Ireland: IMF redefines ‘modest growth’ out of all recognition
‘Negative growth’ is a well-known oxymoron, but the Director of the Europe Department of the International Monetary Fund (IMF) has taken redefinition to a wholly new level. In an interview with IMF Survey Magazine, Reza Moghadam says that since starting to follow the orders of the Troika (IMF, European Commission and European Central Bank), Ireland has “seen modest growth.”
Unless he means Ireland has seen it taking place in other countries, like perhaps the USA (not quite visible over the Atlantic Ocean, but you know what I mean!), this is a very strange way to describe what has happened to the Irish economy under austerity. I am indebted to Paul Sweeney, Chief Economist for the Irish Congress of Trade Unions (ICTU) who tells me that GDP has dropped by 16.8% since 2007 and GNP has dropped by 22%. Even worse, domestic demand fell by 25.7% between the first quarter of 2007 and the second quarter of 2012. Some growth!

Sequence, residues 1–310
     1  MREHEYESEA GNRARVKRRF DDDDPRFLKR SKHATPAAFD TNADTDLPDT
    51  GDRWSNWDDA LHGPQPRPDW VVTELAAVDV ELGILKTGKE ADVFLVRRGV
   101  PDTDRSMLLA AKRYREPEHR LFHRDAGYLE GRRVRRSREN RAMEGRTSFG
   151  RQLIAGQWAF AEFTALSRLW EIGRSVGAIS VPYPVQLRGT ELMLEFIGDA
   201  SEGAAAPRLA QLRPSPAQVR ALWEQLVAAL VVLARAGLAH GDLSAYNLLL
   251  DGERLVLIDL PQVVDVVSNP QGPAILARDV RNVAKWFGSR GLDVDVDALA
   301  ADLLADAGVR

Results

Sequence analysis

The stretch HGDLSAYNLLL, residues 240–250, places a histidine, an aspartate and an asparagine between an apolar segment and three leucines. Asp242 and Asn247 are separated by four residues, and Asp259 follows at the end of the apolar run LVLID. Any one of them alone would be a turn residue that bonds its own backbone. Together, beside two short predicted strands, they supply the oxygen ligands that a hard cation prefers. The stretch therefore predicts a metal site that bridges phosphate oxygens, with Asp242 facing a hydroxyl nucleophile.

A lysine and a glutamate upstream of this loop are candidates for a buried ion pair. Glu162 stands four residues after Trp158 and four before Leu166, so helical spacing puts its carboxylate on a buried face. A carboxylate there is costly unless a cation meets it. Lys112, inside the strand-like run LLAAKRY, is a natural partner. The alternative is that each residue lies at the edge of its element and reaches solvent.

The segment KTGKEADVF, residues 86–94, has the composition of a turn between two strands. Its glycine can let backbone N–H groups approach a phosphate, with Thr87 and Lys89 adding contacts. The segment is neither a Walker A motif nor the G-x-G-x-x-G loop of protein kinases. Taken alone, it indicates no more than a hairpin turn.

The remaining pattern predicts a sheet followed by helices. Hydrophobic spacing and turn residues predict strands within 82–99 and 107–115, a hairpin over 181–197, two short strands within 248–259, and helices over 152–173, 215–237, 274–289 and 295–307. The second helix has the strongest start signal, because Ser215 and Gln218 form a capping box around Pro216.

These figures, of course, relate the existing Irish economic picture to the state of the nation at the peak of the boom, before the recession, so it is possible that the IMF is still right, and that the Troika’s measures have turned the economy round. But Paul adds:
“There has been a tiny upward rise in GDP and also on GNP last and this year but when one is up the other is down. Domestic demand is the key and it is still falling.”
Apart from poking fun at the IMF, who are of course now clawing their way back to some semblance of reality with their revelation that cutting public spending damages the economy, is this important? Yes, because while Greece spirals further and further into recession as a direct result of the Troika’s poisonous medicine, Ireland is often held up as a country where the medicine has actually worked. But as Paul’s statistics show, that simply isn’t true.
The Troika negotiated the original Irish bailout in November 2010. As the chart in this blog by Philippe Egger, Director of the ILO Bureau of Programming and Management, there has been some growth in GDP since then (although bear in mind what Paul Sweeney says about GDP and GNP heading in different directions and domestic demand being resolutely downwards). But employment has continued to fall, and unemployment continued to rise, over that period, and now stands at nearly 15%. Some recovery, some growth!